Representatives from the state Department of Environmental Quality, Multistate Environmental Response Trust and Environmental Protection Agency will be in Navassa June 13 and June 14 to discuss plans with the community for the Kerr-McGee Chemical Corp. – Navassa Superfund site.
Two meetings are set for Monday to discuss plans for the site and land donation for the proposed Moze Heritage Center and Nature Park. The in-person information session is scheduled for 4-5 p.m. Monday at the Navassa Community Center, 338 Main St., followed at 6 p.m. by the community meeting being offered in person, virtually and by phone. To listen by phone, call 1-301-715-8592. Use meeting ID 946 584 8922# and passcode 664564# or join via Zoom.
The Environmental Protection Agency will hold a separate meeting about its proposed plan for Operable Unit 2, which is the nearly 16-acre-area where treated and untreated wood was stored during historic operations, at 6 p.m. Tuesday in the Navassa Community Center. To listen by phone, call 1-301-715-8592, use meeting ID 946 584 8922# and passcode 664564#, or watch via Zoom.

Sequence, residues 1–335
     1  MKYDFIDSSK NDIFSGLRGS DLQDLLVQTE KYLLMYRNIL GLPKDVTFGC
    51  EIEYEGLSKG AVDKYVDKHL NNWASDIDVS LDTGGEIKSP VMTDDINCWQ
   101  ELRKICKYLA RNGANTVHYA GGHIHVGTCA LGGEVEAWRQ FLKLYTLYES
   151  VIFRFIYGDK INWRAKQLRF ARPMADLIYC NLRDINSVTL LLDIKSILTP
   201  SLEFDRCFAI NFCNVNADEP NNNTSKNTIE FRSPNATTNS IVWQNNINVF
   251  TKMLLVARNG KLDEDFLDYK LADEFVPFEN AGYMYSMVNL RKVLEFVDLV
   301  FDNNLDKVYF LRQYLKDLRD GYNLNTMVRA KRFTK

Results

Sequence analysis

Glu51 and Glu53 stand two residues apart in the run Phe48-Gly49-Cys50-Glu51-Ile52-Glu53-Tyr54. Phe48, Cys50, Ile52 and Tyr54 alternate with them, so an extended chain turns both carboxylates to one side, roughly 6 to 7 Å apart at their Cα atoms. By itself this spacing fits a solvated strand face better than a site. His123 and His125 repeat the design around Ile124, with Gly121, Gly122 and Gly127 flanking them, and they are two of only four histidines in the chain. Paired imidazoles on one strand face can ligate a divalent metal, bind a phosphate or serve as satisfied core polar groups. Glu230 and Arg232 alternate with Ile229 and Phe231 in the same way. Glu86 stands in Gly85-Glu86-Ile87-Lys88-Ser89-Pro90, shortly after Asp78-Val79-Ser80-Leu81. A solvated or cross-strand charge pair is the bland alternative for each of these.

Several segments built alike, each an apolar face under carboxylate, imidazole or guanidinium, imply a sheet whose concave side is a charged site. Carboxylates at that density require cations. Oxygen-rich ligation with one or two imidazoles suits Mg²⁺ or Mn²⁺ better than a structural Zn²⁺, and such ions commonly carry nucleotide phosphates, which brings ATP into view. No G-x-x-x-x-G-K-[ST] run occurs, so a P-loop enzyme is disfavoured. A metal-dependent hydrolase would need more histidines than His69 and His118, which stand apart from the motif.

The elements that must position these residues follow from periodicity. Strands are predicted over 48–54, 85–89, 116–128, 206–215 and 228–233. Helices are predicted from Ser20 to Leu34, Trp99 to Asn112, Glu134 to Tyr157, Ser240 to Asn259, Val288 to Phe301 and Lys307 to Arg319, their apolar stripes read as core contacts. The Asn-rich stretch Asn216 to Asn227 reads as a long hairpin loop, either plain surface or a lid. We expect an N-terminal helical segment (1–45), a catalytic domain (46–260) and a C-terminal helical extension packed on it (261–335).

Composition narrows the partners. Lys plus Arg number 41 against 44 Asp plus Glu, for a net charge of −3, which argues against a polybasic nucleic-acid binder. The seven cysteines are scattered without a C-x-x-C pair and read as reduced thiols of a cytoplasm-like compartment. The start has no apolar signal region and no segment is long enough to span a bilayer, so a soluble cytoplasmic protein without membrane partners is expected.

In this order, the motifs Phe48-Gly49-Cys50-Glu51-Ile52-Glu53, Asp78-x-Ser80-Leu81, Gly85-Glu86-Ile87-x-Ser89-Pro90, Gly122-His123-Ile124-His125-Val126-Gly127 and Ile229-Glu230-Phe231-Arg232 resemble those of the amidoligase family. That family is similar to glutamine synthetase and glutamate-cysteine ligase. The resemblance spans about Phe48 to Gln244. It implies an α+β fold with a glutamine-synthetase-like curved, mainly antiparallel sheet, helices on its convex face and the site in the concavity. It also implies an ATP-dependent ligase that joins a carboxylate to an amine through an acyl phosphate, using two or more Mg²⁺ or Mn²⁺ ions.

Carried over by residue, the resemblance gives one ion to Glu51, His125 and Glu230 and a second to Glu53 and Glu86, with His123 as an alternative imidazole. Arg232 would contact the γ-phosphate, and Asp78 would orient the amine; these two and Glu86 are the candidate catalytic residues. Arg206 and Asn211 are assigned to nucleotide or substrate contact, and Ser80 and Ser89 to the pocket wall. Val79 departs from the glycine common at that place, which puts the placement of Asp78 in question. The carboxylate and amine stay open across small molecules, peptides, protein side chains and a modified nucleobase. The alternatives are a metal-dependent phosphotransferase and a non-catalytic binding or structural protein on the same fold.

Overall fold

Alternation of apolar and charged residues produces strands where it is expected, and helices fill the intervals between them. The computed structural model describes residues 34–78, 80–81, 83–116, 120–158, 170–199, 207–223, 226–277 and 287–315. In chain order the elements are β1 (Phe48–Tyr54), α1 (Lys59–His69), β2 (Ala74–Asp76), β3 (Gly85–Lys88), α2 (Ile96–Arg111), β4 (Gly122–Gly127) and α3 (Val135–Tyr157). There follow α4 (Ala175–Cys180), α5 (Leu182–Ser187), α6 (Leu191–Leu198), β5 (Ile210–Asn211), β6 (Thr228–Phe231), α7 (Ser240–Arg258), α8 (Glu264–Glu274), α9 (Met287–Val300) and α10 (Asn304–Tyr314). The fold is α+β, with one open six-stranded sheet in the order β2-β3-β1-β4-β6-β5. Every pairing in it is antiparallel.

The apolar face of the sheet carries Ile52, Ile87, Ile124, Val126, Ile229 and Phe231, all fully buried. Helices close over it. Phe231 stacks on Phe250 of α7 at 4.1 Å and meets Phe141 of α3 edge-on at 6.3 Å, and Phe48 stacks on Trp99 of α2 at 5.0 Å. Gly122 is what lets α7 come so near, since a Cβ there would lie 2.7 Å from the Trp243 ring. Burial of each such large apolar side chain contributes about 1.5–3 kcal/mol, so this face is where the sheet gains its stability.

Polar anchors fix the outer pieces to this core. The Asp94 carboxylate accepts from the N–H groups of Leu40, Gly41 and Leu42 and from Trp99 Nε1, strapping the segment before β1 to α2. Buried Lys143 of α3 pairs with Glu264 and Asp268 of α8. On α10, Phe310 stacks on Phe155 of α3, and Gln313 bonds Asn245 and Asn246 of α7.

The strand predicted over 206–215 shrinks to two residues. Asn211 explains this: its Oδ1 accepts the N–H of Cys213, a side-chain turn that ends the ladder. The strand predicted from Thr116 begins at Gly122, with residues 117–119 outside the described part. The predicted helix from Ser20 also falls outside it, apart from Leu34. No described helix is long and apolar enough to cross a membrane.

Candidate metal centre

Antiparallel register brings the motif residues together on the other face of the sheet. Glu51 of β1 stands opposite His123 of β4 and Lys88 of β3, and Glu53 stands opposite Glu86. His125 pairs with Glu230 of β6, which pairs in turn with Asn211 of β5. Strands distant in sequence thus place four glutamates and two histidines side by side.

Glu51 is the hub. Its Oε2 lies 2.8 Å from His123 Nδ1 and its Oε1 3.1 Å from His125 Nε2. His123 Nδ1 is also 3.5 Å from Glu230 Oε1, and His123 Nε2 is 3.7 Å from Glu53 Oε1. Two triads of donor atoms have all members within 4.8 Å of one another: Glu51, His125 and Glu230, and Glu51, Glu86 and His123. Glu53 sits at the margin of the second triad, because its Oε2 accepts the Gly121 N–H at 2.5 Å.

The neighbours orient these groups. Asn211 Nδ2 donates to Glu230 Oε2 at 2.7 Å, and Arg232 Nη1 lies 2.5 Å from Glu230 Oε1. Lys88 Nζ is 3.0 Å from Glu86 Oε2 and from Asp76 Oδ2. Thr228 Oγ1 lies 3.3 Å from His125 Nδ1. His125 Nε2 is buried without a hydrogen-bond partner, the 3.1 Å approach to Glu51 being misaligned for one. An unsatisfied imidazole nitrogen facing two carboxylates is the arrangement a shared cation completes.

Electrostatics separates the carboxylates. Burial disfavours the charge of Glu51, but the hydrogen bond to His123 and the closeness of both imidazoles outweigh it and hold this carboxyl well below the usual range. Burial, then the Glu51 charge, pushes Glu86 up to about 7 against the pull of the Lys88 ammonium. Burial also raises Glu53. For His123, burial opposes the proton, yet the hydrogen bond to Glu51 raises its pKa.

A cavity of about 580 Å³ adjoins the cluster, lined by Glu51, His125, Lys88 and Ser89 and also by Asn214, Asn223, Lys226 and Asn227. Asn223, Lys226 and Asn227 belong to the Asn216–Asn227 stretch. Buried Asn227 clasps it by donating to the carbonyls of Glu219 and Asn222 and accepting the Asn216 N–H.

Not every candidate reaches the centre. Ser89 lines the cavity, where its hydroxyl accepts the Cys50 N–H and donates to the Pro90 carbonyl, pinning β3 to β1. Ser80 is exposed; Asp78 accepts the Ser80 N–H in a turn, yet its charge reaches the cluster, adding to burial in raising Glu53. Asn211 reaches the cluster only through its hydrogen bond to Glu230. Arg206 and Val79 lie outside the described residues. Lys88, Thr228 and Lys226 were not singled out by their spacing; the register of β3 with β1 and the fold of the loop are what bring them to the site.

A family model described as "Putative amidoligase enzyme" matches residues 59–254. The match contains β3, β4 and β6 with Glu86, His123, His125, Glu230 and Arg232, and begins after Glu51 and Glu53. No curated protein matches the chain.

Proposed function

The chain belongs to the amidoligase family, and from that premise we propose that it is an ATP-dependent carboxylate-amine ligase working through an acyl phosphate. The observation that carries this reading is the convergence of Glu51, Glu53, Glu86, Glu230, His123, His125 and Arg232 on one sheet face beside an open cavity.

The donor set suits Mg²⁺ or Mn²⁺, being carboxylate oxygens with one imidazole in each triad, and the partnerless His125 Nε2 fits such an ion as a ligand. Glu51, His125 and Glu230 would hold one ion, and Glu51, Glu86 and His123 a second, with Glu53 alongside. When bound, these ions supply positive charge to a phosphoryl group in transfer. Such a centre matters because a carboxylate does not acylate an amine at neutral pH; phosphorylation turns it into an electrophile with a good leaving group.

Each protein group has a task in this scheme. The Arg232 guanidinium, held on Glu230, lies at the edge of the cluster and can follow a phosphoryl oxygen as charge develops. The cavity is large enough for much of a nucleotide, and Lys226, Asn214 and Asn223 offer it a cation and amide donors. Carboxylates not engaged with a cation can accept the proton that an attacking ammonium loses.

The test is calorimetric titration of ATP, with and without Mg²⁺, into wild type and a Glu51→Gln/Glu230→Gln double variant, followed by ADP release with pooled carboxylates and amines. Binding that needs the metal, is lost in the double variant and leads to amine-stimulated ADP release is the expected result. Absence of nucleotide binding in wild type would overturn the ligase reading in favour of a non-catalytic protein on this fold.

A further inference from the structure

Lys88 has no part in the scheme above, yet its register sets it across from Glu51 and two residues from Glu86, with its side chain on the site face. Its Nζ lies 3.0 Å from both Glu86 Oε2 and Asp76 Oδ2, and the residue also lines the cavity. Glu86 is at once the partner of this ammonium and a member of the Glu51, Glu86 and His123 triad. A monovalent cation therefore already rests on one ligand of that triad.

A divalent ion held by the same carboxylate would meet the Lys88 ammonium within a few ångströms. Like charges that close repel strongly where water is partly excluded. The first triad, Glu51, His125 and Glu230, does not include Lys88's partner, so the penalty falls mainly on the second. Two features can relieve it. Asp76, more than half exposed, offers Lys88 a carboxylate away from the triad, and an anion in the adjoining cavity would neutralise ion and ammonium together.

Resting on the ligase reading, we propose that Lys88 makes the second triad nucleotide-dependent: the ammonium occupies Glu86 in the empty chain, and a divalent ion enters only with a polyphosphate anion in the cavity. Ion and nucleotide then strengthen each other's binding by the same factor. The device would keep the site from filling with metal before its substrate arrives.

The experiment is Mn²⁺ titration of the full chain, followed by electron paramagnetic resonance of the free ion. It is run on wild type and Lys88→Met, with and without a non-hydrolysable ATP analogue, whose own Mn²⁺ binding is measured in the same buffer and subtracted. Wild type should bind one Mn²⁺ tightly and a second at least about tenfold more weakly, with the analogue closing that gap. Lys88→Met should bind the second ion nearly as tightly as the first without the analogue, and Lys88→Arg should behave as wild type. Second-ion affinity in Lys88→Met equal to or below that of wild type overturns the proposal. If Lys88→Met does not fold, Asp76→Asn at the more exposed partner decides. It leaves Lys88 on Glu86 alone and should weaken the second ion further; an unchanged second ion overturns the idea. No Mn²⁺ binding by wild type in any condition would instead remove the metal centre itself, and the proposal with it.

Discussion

The proposed plan on EPA’s website as well as the fact sheet provide further details about the proposed soil removal and public comment options.
From 1936 to 1974, Kerr-McGee and other companies used 70 acres of what is known as the 246-acre former Kerr-McGee property by the Brunswick River and Sturgeon Creek for creosote-based wood treating. The soil, sediment and groundwater are contaminated by creosote-related chemicals. The EPA added the property to the National Priorities List of federal Superfund sites. In 2005, the site was conveyed to Tronox, a Kerr-McGee spinoff that filed for bankruptcy protection in 2009.
In 2011, the Multistate Environmental Response Trust acquired and purchased around 154 acres of the former Kerr-McGee Property as a court-appointed trustee as part of the Tronox bankruptcy settlement. The Multistate Trust is a court-appointed environmental response trust created to own, investigate, clean up, and facilitate reuse of the site.
In 2021, the EPA deleted the 20-acre Operable Unit 1 from the National Priorities List, allowing for its reuse.